More Than Brick & Mortar

Shop concept is the concept. Seeing it before it is tangible from textures to colors or lack thereof. We have been students of retail aesthetics for sometime, watching classic stores in Seattle like Capitol 1524 and seeing their focus on looking the part to their culture and customer. Their cage fence shoe displays and graffiti filled walls made sense. It showed us early the colorful side of street wear even before brands like Shmack and Orisue, oh and of course Rocksmith. It was an emerging experience that took you from the street into a world they had manufactured to be a sneaker cult kids ideal experience - it blended all the elements of it in one room. 

Quite possibly the Kaiser of the culture the GOODS boutique on Pike was exactly the opposite. It took you from the street into a clean and luxury type of consumer first experience. Their reduction of the street wear dream sequence opened up the store space and put products on a mantle. The glass and wood combo gave a youthful, gritty street inspired consumer the chance to shop in style. Taking graphic T shirts from sized and stacked piles to elegant one piece displays and table top outfit grids was like speaking antonyms to what we thought was back alley exclusive not mansion bookcase secret door exclusive. It changed everything for us.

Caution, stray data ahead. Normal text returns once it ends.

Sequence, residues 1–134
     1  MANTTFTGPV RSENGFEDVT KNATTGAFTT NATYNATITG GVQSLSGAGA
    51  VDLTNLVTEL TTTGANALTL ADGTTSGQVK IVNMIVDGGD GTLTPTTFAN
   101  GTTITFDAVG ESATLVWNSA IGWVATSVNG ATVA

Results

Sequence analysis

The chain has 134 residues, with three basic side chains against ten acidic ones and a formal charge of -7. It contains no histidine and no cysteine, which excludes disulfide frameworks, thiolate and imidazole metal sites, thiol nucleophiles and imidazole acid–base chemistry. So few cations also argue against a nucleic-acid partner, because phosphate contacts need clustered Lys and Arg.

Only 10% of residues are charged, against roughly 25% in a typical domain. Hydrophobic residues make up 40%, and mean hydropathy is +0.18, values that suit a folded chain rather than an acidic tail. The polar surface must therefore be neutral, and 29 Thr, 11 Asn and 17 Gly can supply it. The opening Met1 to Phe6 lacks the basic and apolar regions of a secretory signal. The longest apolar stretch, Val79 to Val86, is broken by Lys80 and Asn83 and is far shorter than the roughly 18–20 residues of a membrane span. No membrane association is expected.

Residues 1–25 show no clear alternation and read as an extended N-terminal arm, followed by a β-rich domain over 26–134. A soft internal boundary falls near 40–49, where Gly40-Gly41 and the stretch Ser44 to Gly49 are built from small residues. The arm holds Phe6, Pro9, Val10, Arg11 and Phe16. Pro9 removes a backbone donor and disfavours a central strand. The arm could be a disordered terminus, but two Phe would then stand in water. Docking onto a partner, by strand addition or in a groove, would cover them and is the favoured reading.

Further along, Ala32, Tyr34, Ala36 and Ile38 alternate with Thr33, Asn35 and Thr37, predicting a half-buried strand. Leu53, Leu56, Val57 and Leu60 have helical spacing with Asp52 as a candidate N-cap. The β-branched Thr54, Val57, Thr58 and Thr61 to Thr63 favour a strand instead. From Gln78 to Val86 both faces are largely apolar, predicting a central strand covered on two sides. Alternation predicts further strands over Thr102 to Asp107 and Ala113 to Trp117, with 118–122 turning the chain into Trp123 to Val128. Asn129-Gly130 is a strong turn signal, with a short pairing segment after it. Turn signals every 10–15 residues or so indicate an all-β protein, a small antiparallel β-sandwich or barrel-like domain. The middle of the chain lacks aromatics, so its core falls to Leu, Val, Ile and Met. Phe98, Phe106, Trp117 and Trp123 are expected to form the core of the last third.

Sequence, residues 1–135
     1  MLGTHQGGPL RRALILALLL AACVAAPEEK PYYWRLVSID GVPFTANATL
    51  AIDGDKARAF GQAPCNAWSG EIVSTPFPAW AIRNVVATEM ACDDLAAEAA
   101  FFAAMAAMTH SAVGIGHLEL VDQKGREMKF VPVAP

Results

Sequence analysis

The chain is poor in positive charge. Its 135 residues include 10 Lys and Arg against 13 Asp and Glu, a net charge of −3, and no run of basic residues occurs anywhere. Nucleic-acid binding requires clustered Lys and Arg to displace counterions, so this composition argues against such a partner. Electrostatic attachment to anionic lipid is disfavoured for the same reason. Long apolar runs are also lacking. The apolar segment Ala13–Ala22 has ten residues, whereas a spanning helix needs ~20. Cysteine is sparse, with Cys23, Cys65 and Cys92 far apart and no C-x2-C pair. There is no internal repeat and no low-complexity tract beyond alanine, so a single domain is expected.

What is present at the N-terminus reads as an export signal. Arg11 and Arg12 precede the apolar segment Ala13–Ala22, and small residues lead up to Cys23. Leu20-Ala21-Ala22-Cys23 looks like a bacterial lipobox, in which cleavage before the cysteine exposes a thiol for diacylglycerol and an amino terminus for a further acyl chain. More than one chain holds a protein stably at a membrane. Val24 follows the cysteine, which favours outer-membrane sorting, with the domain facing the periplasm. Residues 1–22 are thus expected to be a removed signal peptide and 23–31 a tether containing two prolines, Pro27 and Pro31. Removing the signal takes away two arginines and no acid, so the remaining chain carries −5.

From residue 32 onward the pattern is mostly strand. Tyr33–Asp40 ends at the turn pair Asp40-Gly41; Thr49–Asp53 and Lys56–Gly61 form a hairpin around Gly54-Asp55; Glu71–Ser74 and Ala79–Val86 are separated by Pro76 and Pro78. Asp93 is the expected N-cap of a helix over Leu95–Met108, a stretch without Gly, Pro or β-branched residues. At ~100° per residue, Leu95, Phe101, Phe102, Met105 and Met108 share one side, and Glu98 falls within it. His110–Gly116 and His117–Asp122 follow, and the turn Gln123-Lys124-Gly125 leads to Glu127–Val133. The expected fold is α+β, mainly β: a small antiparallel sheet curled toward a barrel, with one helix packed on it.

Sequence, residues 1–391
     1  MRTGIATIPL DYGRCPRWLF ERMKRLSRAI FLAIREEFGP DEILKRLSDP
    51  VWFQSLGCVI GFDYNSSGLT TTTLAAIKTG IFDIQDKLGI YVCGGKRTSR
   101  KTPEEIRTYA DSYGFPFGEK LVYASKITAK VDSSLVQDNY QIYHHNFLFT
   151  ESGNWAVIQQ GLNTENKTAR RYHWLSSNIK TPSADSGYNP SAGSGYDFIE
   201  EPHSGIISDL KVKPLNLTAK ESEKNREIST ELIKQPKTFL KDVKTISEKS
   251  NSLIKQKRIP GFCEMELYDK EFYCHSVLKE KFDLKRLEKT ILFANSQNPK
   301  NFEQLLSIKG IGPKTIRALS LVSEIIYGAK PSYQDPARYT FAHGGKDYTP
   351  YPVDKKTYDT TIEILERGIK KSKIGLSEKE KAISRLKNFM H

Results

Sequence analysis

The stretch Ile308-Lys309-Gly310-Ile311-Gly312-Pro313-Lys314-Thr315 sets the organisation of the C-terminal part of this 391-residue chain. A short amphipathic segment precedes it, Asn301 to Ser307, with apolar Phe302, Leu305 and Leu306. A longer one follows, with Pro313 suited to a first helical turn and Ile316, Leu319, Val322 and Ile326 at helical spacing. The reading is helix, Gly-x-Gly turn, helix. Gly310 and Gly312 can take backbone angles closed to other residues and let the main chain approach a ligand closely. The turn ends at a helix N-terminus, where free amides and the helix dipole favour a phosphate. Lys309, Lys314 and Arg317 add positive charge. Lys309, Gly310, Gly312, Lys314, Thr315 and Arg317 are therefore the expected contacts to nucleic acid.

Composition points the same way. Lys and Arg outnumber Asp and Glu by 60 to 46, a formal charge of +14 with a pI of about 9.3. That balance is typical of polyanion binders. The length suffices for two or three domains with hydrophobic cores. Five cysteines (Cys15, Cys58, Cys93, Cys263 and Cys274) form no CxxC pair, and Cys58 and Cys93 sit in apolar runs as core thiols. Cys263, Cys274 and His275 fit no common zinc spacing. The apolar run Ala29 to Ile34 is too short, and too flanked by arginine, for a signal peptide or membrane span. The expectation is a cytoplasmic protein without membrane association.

Our taste level has naturally grown as new flavors touched our palette and finer grades of denim plagued our closets. It's only furthered our desire to wander deeper behind the curtain. Seeking out Seattle staples that Tacoma's fashion fan base had to travel in order to acquire was the challenge accepted. Stores such Blutch Blum, whose insides are laid with soft carpet and custom polished black wood shelving surrounding sturdy, metal, center display tables with polished steel legs. We wanted to feel as though we were not suppose to be touching product and then touch it, try it on, and after a good paycheck even purchase. Although as we evolved so did the stores within our own culture. Highsnobiety recently released a collection of stores they felt deserved an award for best store concept, which may have only shown the cleanest shops and not the most creative but nonetheless all of the nominees showed how to do simple in a thoughtful manner. Streetwear is losing its raw edge that appealed to youth in order to chase a more economically stable customer - its sad but its growth. 

Peep those here. And check out the photos of some of our favorites below:

Perris WrightComment